Sorry if i contributed to that, I didn't know. My interest is in how they work and the difference and how they are wired




  • Sorry if i contributed to that, I didn't know. My interest is in how they work and the difference and how they are wired

    Spotlights are basically a doubling up of the main beam in your headlights. They would be wired so that they come on when the main beam comes on (no separate switch). There are regulations as to where they can and can't be mounted (min/max distance from the road, min/max distance from the outside edges of the car, etc) but they can be mounted over or under the bumper.

    The same applies for foglights, but they are wired so that they come on seperately and not when the main beams are on. Most cars have a two stage foglight switch. The first stage turns on the front lights (if fitted), the second stage the rear.

    All auxiliary lights are subject to EU regulations for road use. They have to meet certain min/max parameters to be road legal and only then carry a EU approval number.

    The light pattern on spots and fogs is vastly different. Spots are designed to light up as much of the road as far ahead as is possible within the parameters, whereas foglights throw a wide and short beam directly in front of the car. This beam is meant to creep in under the fog and light up the edges of the road and a few meters in front.

    Foglights do very little for normal driving, as the beam is too short. They are meant to be used in heavy fog, where you would be driving slowly in the first place.

    Spots on the other hand do not work in fog at all, as all they do is illuminate the tiny water droplets that make up the fog, which then reflect that light right back, giving the appearance of an opaque white wall.

    It is illegal to use foglights in normal driving conditions.




  • peasant wrote: »
    Spotlights are basically a doubling up of the main beam in your headlights. They would be wired so that they come on when the main beam comes on (no separate switch). There are regulations as to where they can and can't be mounted (min/max distance from the road, min/max distance from the outside edges of the car, etc) but they can be mounted over or under the bumper.

    The same applies for foglights, but they are wired so that they come on seperately and not when the main beams are on. Most cars have a two stage foglight switch. The first stage turns on the front lights (if fitted), the second stage the rear.

    All auxiliary lights are subject to EU regulations for road use. They have to meet certain min/max parameters to be road legal and only then carry a EU approval number.

    The light pattern on spots and fogs is vastly different. Spots are designed to light up as much of the road as far ahead as is possible within the parameters, whereas foglights throw a wide and short beam directly in front of the car. This beam is meant to creep in under the fog and light up the edges of the road and a few meters in front.

    Foglights do very little for normal driving, as the beam is too short. They are meant to be used in heavy fog, where you would be driving slowly in the first place.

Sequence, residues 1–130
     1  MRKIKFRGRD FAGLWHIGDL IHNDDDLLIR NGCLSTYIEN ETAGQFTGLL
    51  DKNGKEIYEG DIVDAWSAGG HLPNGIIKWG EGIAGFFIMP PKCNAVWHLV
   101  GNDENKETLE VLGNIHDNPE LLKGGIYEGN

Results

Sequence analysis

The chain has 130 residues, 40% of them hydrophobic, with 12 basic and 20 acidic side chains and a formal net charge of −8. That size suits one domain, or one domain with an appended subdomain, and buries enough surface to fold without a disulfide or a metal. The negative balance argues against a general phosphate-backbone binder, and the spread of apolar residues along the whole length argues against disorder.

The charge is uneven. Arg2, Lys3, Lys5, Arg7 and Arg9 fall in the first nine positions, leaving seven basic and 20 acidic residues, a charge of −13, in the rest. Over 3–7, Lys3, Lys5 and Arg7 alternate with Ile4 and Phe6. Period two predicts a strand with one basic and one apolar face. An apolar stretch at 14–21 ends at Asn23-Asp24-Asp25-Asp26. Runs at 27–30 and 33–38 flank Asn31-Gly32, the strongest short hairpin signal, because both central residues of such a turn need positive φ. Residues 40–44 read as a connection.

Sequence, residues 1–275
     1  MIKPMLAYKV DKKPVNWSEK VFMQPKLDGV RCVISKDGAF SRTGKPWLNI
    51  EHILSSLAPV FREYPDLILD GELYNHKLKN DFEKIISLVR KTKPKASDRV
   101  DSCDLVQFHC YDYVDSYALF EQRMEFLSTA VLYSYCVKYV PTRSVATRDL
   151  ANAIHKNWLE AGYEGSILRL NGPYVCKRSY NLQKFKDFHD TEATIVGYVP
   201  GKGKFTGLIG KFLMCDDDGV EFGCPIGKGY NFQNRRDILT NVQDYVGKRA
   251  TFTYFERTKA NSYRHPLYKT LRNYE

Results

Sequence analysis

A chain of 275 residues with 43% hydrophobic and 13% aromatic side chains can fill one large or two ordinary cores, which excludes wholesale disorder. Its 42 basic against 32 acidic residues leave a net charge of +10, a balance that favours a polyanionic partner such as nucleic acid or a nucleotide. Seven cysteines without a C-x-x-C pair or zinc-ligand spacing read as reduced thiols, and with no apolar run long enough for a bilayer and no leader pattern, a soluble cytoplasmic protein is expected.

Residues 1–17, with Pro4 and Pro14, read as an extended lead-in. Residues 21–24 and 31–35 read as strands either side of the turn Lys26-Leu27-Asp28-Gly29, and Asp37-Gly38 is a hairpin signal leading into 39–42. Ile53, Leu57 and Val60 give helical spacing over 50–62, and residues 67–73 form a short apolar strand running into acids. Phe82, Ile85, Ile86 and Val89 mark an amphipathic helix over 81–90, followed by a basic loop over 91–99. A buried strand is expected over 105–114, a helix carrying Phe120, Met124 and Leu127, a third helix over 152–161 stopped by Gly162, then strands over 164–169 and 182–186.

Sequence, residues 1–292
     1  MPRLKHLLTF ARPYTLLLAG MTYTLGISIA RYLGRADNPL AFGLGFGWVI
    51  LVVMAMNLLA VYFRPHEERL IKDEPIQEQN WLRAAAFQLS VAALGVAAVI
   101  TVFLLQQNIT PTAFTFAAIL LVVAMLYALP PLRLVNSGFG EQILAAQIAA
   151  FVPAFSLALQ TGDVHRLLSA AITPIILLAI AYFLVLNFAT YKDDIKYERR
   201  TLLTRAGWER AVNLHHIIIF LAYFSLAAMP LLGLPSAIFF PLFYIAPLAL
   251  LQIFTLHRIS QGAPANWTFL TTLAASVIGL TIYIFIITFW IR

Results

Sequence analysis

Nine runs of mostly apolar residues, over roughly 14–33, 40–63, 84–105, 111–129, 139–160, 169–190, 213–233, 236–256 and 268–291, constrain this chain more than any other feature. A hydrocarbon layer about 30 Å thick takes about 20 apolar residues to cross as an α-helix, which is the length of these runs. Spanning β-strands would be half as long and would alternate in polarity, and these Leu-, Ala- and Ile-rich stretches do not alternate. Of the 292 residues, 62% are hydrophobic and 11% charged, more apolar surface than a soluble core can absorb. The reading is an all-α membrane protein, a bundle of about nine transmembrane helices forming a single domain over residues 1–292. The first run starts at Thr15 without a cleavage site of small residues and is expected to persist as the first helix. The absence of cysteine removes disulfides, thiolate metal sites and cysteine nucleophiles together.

Spots on the other hand do not work in fog at all, as all they do is illuminate the tiny water droplets that make up the fog, which then reflect that light right back, giving the appearance of an opaque white wall.

    It is illegal to use foglights in normal driving conditions.
    Thanks. And newer cars have two seperate bulbs for dipped and head?




  • Thanks. And newer cars have two seperate bulbs for dipped and head?
    Cars with halogen bulbs do, cars with bi-xenons often use the same bulb but with a movable flap to provide cutoff for low beams.




  • Some cars have seperate lenses and bulbs for high and low beam.
    I know my wifes 00 Corolla the headlight has two seperate lenses, outside larger one is low beam, inside smaller one has high beam.
    I wired spots before so that they came on on high beam but there was also another small switch so I could turn them off as well.I ran a relay and thick wiring so they carried plenty of current.




  • Anan1 wrote: »
    Cars with halogen bulbs do,

    Some do, some don't. Usually depends on the lamp design. Some designers prefer the double lamp look and have distinct housings and bulbs for dipped and full beam. Older lamps use one bulb with two different filaments for dipped and high beam (I think this is H4 only)


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  • peasant wrote: »
    Some do, some don't. Usually depends on the lamp design. Some designers prefer the double lamp look and have distinct housings and bulbs for dipped and full beam. Older lamps use one bulb with two different filaments for dipped and high beam (I think this is H4 only)
    Quite true. Gonna have to start calling you pedant from now on.;)




  • great answers guys;)

    Thanks




  • peasant wrote: »
    Spotlights are basically a doubling up of the main beam in your headlights. They would be wired so that they come on when the main beam comes on (no separate switch). There are regulations as to where they can and can't be mounted (min/max distance from the road, min/max distance from the outside edges of the car, etc) but they can be mounted over or under the bumper.

    The same applies for foglights, but they are wired so that they come on seperately and not when the main beams are on. Most cars have a two stage foglight switch. The first stage turns on the front lights (if fitted), the second stage the rear.